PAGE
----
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Gautseshen
W11G1t
V32
M9B1
gꜣw.t-sšn
"Bouquet of Lotus Flowers"
Gautseshen

Coffin of Gautseshen.©

Dynasty 21st Dynasty
Pharaoh(s) Psusennes IOsorkon
Titles Chief of the Harem of Amun in
the Third Phyle
Chief of the Harem of Montu
Chantress of Amun and Mut
Lady of the House
Father Menkheperre
Mother Isetemakhbit
Spouse(s) Tjanefer
Issue Menkheperre, Pinedjem, Nesamun, Gautseshen
Burial Bab el-Gasus
For other pages by this name, see Gautseshen.

Gautseshen (transliteration: gꜣw.t-sšn, meaning: "Bouquet of Lotus Flowers") was an ancient Egyptian chantress of the Twenty-first Dynasty during the Third Intermediate Period.

Titles[]

Gautseshen held several titles including; "Mistress of the House", "Chief of the Harem of Amun in the Third Phyle", "Chief of the Harem of Montu, Lord of Thebes", "Chantress of Amun", and "Great Musician of Mut".

Family[]

Gautseshen is a daughter of the High Priest of Amun Menkheperre and Princess Isetemakhbit, a daughter of Pharaoh Psusennes I. Gautseshen was married to her brother Tjanefer, the Fourth, later Third Prophet of Amun.[1] Alternatively, Broekman proposes that Tjanefer was a son-in-law of Menkheperre and that his father was the Fourth Prophet of Amun, Nespaherenmut.[2]

Two of her brothers, Smendes II and Pinedjem II, became High Priest of Amun. Other brothers included Psusennes, Hori and Ankhefenmut. Her known sisters were Henuttawy, Isetemakhbit, and Meritamen.[3]

Tjanefer and Gautseshen are known to have had at least three sons; Pinedjem and Nesamun, both became Fourth Prophet of Amun, and Menkheperre, who held the position of Third Prophet of Amun.[4] The couple also had a daughter named Gautseshen.

Burial[]

Gautseshen was buried in the Bab el-Gasus cache at Deir el-Bahari. She was probably one of the first buried in the tomb, her coffin found at the back of the small room on top of that of her husband, Tjanefer. Their daughter Gautseshen and sons Menkheperre and Nesamun were also interred in this cache.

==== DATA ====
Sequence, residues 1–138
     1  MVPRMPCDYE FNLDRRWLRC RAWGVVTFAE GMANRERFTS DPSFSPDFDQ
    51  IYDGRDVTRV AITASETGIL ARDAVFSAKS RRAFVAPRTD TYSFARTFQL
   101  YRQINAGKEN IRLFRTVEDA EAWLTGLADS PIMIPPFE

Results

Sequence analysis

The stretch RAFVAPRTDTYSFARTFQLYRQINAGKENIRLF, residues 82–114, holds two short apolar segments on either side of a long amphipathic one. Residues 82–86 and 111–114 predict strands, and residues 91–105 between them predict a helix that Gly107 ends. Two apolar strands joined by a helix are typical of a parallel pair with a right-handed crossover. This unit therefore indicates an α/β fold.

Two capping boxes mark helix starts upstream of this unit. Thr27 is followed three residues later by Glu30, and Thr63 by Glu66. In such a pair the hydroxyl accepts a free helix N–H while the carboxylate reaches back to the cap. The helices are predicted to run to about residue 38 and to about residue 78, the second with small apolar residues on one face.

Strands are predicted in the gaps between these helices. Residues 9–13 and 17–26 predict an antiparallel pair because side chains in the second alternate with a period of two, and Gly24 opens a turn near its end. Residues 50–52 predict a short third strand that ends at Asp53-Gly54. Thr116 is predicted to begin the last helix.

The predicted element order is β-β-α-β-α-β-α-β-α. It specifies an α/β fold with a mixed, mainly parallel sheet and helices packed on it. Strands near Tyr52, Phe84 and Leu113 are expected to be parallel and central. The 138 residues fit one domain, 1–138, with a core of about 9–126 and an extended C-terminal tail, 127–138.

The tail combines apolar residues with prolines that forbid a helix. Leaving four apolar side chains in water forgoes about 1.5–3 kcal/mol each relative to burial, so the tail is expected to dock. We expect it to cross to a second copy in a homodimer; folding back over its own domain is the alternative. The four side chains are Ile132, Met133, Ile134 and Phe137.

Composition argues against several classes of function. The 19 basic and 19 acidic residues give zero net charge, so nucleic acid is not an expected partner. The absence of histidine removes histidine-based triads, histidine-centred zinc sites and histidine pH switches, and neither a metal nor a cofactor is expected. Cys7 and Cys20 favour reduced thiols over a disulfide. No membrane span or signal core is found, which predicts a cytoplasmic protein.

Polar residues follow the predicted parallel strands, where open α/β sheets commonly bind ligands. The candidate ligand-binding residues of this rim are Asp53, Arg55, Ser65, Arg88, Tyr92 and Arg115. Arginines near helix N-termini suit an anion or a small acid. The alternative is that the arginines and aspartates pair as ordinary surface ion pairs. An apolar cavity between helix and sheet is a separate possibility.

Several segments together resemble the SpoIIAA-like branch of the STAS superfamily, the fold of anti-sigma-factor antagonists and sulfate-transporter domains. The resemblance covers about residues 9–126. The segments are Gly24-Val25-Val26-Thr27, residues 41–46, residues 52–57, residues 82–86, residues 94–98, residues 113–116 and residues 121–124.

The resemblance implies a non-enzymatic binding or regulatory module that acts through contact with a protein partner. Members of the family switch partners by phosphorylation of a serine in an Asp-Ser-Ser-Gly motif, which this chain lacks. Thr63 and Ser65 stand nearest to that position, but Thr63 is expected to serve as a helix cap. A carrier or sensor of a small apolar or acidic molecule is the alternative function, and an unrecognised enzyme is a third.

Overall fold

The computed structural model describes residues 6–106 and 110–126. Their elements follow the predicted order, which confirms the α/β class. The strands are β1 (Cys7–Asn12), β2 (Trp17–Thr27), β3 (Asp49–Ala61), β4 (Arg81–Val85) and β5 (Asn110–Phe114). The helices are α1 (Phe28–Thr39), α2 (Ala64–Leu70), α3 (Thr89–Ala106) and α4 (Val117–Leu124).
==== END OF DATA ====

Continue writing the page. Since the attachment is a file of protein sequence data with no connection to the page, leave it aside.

Gautseshen's coffins and funerary papyrus are now in the Egyptian Museum in Cairo. The papyrus is a beautifully illustrated copy of the Book of the Dead, which shows the changes in funerary texts during the 21st dynasty, when the solar cult and that of Osiris gradually merged. One of the examples of this can be seen in three spells, which originally mentioned Ra (as it can be seen from 18th dynasty copies of the text), but here they mention Osiris. Another hymn, originally belonging to Osiris, was enriched with solar elements.[5]

References[]

  1. Dodson & Hilton 2004, p. 200-201.
  2. Broekman 2010, p. 127.
  3. Dodson 2012, p. 64-65.
  4. Sousa & Cooney 2021, p. 172-173.
  5. Lucarelli 2000, p. 270-274.

Bibliography[]

  • Broekman, G.P.F., 2010: The Leading Theban Priests of Amun. The Journal of Egyptian Archaeology, Vol. 96.
  • Dodson, A./Hilton, D., 2004: The Complete Royal Families of Ancient Egypt. Thames & Hudson, London.
  • Dodson, A., 2012: Afterglow of Empire: Egypt from the Fall of the New Kingdom to the Saite Renaissance. The American University In Cairo Press.
  • Lucarelli, R., 2000: The Book of the Dead of Gautseshen. In: Egyptology at the Dawn of the Twenty-first Century. Proceedings of the Eighth International Congress of Egyptologists, Cairo.
  • Sousa, R./Cooney, K.M., 2021: Bab El-Gasus in Context: Rediscovering the Tomb of the priests of Amun.
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